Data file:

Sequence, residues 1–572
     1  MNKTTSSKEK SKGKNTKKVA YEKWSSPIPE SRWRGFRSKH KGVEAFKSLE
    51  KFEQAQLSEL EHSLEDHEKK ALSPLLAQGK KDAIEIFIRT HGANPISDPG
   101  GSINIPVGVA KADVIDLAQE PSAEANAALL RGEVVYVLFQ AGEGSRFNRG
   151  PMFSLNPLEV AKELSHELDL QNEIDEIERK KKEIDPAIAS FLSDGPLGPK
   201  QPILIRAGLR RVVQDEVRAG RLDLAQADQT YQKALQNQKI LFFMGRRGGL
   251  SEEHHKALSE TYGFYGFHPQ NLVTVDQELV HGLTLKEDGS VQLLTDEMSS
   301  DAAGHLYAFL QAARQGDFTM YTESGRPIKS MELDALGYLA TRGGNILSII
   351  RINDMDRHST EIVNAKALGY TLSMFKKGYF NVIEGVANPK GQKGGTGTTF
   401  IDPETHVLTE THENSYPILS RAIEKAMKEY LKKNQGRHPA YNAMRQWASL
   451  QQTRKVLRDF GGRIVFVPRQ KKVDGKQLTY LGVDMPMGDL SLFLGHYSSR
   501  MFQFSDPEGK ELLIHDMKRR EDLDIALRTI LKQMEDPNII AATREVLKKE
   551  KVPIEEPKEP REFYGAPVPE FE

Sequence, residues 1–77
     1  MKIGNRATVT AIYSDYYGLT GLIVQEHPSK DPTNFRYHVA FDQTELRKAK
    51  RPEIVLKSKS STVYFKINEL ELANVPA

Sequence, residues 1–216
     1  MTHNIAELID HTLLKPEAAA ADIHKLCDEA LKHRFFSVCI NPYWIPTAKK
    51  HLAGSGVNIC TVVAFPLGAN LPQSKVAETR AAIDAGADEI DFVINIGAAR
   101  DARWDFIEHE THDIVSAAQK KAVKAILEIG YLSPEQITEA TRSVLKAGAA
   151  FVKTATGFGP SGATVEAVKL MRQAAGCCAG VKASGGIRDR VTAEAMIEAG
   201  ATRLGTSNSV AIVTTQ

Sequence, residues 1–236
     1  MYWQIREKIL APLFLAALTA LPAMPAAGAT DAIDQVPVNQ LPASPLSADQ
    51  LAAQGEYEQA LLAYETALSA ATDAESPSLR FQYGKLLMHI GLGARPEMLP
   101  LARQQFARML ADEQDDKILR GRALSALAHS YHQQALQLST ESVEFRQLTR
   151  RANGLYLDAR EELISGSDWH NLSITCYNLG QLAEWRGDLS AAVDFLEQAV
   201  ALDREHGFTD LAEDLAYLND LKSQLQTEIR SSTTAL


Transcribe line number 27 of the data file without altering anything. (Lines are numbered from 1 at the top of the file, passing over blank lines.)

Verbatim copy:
   151  RANGLYLDAR EELISGSDWH NLSITCYNLG QLAEWRGDLS AAVDFLEQAV